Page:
Flawed cri­te­ria

The new Swachh Survek­shan rank­ing pro­motes cities with poor waste man­age­ment prac­tices SWATI SAMBYAL |

Down to Earth - - CONTENTS -

The Swachh Sarvek­shan 2017 raises ques­tions re­gard­ing its method­ol­ogy which favours a cen­tralised waste man­age­ment ap­proach

IN­DORE, AC­CORD­ING to the rank­ings re­leased by the Min­istry of Ur­ban Devel­op­ment on May 4, is the clean­est city in the coun­try. This is de­spite the ab­sence of a solid waste pro­cess­ing fa­cil­ity or waste seg­re­ga­tion at source in the city. In­dore is not an aber­ra­tion; most of the top 50 cities fea­tured in the Swachh Survek­shan rank­ings share a sim­i­lar story. Worse, cities with good waste man­age­ment prac­tices fea­ture re­ally low in the an­nual rank­ings. “The rank­ing of some of the cities sur­prises me be­cause I have vis­ited them and they do not have much to show ex­cept that there is no lit­ter on the streets,” says Bharati Chaturvedi of en­vi­ron­men­tal non-profit Chin­tan.

Ex­perts say flawed pa­ram­e­ters have marred the rank­ings. The gov­ern­ment in­vited 500 cities that are en­rolled un­der the am­rut scheme to par­tic­i­pate in the rank­ings, of which 434 par­tic­i­pated. am­rut was launched in June 2015 to es­tab­lish the in­fra­struc­ture that will en­sure ro­bust sew­er­age net­works and water sup­ply for ur­ban trans­for­ma­tion. In last year’s sur­vey, only 73 cities were ranked.

The rank­ing awards weigh­tage on the ba­sis of six heads: mu­nic­i­pal solid waste col­lec­tion and trans­porta­tion (40 per cent weigh­tage), pro­cess­ing and dis­posal (20 per cent weigh­tage), con­di­tion of public and com­mu­nity toi­lets, and open defe­ca­tion (30 per cent weigh­tage), and capc­ity build­ing and be­hav­iour change (10 per cent weigh­tage). The cities have been marked on a scale of 2,000 points, of which 900 points have been al­lo­cated on the ba­sis of an­swers submitted by the mu­nic­i­pal bod­ies. Another 500 points have been al­lo­cated to be awarded by a team of asses­sors who have phys­i­cally in­spected the cities. The re­main­ing 600 points have been al­lo­cated to be awarded ac­cord­ing to ci­ti­zen feed­back col­lected through tele­phonic con­ver­sa­tions and through ques­tion­naires submitted on­line and on a mo­bile ap­pli­ca­tion.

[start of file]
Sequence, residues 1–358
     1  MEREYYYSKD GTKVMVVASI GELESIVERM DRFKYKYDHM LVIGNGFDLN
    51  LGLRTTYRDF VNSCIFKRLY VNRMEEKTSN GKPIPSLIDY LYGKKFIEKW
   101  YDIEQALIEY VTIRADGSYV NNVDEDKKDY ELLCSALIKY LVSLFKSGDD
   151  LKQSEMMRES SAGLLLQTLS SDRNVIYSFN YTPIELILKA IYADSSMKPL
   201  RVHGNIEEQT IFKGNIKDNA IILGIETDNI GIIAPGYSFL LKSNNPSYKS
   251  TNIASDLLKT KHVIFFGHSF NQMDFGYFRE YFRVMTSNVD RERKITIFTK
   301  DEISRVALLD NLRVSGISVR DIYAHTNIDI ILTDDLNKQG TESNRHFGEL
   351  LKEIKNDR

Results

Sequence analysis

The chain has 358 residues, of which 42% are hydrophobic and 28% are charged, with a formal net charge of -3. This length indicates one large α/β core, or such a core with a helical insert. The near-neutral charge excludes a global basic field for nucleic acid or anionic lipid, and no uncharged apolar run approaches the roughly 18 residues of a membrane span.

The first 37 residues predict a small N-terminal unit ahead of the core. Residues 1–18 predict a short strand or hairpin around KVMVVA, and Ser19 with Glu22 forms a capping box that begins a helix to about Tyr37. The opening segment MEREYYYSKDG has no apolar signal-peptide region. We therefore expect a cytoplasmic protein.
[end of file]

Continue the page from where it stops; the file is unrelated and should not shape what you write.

The cen­tral prob­lem

The max­i­mum weigh­tage has been given to pro­ce­dures for waste col­lec­tion and trans­porta­tion, but the pa­ram­e­ters favour a cen­tralised model, where em­pha­sis is on treat­ing waste away from source.

As a re­sult, In­dore, with an ef­fec­tive door-

to-door col­lec­tion sys­tem, scored the max­i­mum 360 points, while Bhopal, the sec­ond clean­est city, re­ceived 352 points.

Mean­while, Alleppey, which fol­lows a de­cen­tralised sys­tem where waste seg­re­ga­tion and pro­cess­ing starts at the house­hold level, re­ceived just 91 points, which is much lower than the av­er­age score cities re­ceived un­der this cat­e­gory (224 points). Iron­i­cally, de­cen­tralised col­lec­tion sys­tem is cheaper and more en­vi­ron­ment-friendly than the cen­tralised model. Still, just five out of the top 50 cities—Pune, Suryapet, Coim­botore, Am­bika­pur, My­suru—par­tially fol­low the ap­proach. Cities that fol­low a cen­tralised sys­tem spend over 70 per cent of their bud­get solely on col­lec­tion and trans­porta­tion. “In­dore spends `110cr a year on door-to-door waste col­lec­tion,” says Asad Warsi, a con­sul­tant with the In­dore Mu­nic­i­pal Cor­po­ra­tion. Alleppey, on the other hand, has cut down its col­lec­tion and trans­porta­tion cost from `40 lakh per month to just `40,000 by adopt­ing a de­cen­tralised model.

The cen­tralised model also has higher car­bon foot­print. Bhopal, for in­stance, trans­ports its waste to the lone pro­cess­ing site that is sit­u­ated 16 km from the city. In a de­cen­tralised model, the amount of waste col­lected is sub­stan­tially lesser, which re­duces the num­ber of trips waste trucks have to make ev­ery day. The num­ber of trips made by mu­nic­i­pal trucks to pro­cess­ing units in a day can serve as an ef­fec­tive pa­ram­e­ter for the rank­ing.